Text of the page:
Guanacaste Day – July 25th

La Anexión de Guanacaste!

Guanacaste is one of seven provinces in Costa Rica that offers gorgeous beaches, national parks, volcanoes, & more. This year marks the 195th anniversary of the annexation from Nicaragua.

On July 25, Costa Rica celebrates one of our favorite holidays:  Guanacaste Day!  This holiday’s Spanish name, La Anexión de Guanacaste, explains what the day commemorates–the day the province of Guanacaste officially became part of Costa Rica. 

What was is part of before?  Well, nothing.  During Central America’s colonial period, it was not divided into the countries that we know today, but into territories, all governed by different officials in Spain.  When independence from the Spanish crown was granted to Central America in 1821, territories began forming partnerships and countries took shape.  To the north of Guanacaste, this small peninsula that we know and love today as the home of Costa Rica’s best beaches, had 3 main municipalities at the time: Nicoya, Santa Cruz and Liberia (which was called Guanacaste and which eventually gave the province its name).  To the north of the peninsula, territories united to form Nicaragua.  To the east of the peninsula, territories united to form Costa Rica.  In 1824, Guanacaste’s municipality voted and the majority voted to become part of Costa Rica.

Guanacaste and Costa Rica are lucky to have each other!  It’s been a match made in heaven.  Costa Rica has been good for Guanacaste because of the peace and political stability it has enjoyed.  Guanacaste, although it didn’t have much impact in the early years of this happy marriage, has exploded in importance to Costa Rica in the last 40 years as tourism has shifted into the spot of Costa Rica’s # 1 breadwinner.  Guanacaste’s beaches, the waterfalls, the volcanos, the national parks that have been created, and the vibrant nature everywhere you look bring thousands of visitors to Costa Rica every year.

The province is also a producer of rice, sugar, livestock & more. The Ticos from this province are called Guanacestcos which are countrymen and woman that are known for their local dishes cooked in large clay ovens such as; rosquillas, pozole, cajetas, tamal asado, arroz de mais and more. They work on their fields herding cattle, growing crops and more. The folk music is a key part of their culture with famous songs such as “Punto Guanacasteco” which is played at festivals, topes, bullfights and more.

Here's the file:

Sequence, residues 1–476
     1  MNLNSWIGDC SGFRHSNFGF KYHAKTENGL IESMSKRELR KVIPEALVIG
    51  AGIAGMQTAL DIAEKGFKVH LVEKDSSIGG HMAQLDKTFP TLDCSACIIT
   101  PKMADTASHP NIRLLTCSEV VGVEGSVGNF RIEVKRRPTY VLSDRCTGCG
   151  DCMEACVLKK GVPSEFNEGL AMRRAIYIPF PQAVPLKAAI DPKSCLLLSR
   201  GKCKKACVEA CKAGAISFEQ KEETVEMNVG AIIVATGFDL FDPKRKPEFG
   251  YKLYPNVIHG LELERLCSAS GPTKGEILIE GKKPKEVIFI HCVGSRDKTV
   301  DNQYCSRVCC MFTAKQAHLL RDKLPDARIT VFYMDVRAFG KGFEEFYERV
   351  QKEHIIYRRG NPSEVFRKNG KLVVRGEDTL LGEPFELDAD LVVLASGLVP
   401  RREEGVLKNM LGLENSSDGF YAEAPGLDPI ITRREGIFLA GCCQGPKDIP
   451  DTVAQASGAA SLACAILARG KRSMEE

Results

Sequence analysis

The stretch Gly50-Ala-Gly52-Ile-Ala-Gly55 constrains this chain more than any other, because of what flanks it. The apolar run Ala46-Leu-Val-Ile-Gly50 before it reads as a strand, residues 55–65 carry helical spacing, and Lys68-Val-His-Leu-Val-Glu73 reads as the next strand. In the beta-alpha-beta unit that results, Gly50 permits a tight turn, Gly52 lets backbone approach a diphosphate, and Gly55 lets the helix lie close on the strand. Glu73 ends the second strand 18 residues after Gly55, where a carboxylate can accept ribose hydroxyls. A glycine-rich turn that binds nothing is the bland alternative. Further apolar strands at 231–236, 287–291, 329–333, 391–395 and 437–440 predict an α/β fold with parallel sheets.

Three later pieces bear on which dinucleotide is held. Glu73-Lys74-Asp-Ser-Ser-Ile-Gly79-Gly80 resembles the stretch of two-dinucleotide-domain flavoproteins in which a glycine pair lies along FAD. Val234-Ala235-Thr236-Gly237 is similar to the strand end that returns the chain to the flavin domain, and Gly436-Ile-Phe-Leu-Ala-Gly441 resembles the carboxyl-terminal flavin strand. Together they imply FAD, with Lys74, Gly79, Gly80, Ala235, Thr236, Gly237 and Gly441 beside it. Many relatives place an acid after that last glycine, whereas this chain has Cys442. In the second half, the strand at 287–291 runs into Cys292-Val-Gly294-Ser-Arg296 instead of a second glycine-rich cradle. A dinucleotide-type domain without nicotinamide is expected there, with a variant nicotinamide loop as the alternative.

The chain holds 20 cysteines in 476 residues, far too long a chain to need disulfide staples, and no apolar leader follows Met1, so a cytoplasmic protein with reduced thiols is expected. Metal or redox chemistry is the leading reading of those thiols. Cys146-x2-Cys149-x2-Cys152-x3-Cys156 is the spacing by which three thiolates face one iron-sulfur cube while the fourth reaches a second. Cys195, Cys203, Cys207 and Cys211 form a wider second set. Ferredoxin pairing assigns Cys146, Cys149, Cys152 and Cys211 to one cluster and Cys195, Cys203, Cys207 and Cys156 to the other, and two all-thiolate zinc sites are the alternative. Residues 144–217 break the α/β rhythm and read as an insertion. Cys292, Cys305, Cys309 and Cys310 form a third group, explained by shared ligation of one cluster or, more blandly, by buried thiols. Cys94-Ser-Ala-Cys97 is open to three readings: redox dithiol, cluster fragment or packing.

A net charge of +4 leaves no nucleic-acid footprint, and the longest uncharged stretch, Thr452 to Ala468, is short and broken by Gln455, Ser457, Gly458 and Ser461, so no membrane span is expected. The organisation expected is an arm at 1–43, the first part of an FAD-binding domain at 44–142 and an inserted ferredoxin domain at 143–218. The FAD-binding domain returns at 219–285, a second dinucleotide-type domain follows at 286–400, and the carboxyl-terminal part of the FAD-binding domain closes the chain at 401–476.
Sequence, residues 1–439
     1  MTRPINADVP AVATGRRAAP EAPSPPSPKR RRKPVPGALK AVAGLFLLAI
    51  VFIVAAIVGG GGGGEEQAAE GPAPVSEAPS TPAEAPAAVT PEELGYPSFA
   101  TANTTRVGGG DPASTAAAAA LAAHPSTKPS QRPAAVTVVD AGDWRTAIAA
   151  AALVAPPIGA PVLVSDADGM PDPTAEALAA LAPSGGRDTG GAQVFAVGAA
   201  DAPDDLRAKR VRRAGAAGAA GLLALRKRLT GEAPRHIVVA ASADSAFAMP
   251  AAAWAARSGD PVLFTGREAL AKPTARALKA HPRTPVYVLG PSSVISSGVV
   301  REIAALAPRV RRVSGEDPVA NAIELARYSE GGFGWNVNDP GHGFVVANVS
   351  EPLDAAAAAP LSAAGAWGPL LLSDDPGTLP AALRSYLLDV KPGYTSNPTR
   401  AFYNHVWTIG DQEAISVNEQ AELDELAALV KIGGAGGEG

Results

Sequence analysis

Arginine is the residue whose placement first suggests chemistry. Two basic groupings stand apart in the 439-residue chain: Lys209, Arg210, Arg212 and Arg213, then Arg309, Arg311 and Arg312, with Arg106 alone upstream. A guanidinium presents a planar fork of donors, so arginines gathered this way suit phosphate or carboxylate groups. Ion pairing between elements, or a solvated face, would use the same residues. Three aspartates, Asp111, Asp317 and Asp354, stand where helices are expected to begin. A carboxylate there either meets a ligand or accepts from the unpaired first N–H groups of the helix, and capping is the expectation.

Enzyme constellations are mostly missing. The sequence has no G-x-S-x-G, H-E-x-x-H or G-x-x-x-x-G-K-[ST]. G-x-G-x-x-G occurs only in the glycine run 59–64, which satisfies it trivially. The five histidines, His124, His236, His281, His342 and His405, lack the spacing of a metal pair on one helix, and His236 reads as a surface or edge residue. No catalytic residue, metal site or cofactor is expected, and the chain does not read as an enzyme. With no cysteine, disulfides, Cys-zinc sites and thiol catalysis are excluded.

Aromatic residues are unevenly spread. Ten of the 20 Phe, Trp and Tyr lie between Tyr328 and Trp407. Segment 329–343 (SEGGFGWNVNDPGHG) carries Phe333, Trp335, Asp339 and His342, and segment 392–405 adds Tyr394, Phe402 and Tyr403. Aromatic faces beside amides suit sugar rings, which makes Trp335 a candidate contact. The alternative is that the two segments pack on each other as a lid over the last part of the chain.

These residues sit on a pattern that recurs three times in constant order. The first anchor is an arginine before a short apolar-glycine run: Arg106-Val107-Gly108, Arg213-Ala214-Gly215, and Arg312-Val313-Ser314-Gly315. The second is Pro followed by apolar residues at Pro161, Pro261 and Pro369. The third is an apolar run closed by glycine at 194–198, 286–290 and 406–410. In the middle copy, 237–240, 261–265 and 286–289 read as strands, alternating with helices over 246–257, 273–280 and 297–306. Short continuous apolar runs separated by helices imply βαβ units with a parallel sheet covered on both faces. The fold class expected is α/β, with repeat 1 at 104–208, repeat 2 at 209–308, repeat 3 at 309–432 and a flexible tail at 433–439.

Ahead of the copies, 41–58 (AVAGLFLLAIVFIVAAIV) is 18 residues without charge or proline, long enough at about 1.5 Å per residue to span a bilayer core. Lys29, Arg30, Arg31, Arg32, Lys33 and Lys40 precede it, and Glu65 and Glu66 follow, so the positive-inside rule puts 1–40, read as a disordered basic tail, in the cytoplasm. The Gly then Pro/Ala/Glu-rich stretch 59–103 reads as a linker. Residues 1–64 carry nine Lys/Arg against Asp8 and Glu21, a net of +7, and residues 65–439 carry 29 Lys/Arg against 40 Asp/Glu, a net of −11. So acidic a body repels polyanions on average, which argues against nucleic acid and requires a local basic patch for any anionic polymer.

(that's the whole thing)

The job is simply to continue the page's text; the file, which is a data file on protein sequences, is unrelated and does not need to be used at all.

Guanacaste Day

All of Costa Rica celebrates Guanacaste Day, but of course, it’s a favorite in Guanacaste!  Schools, banks, and government offices are all closed on Guanacaste Day, and almost every town in Guanacaste–from the largest to the smallest–holds some type of celebration.  Traditional foods like tamales are prepared in giant cauldrons over open fires, cheerful marimba music is played on street corners, and bull riding entertains the crowds.  Traditional dance troupes of all ages in white outfits with multicolored scarves perform the traditional dances of Guanacates, with wide skirts swooshing and cowboy hats tossed in the air. 

As Guanacaste Day fades into night, plenty of beer, guaro, and rum are flowing.  Every town that holds a festival hooks up the speakers and the dancing starts!  What’s not to love about a celebration day like this? 

Speaking of Guanacaste, have you noticed that the word doesn’t sound very Spanish like “Costa Rica”, “Tamarindo”, and “Pura Vida”?  That’s because it’s not Spanish.  The word “Guanacaste” is a Nahuatl word (think Aztec)that refers to a type of tree.  Guanacaste trees grow throughout Costa Rica’s dry forest regions–especially in…Guanacaste! 

guanacaste tree

Guanacaste trees are everyone’s favorite shade tree as they can grow to a tremendous size.  They’re the ones you see notice dotting the pastures on your ride from the Liberia airport to Tamarindo.

“Guanacaste” means “tree with ears.”  So what’s that all about?  The seed pods of the Guanacaste tree resemble ears.  These pods emerge in the dry season while most of the tree’s leaves are down, giving these giant trees the appearance of being hung full of ears as if they were ornaments.  Indigenous cultures used Guanacaste seeds for food and also to make soap, but that’s ancient history.  Today in Tamarindo you can find earrings, necklaces, and other jewelry or decorations made of the beautiful variegated seeds.

So enjoy today & celebrate the beauty Guanacaste has to offer. We are lucky to have this gorgeous province part of Costa Rica! Contact us for more information on local celebrations and more!

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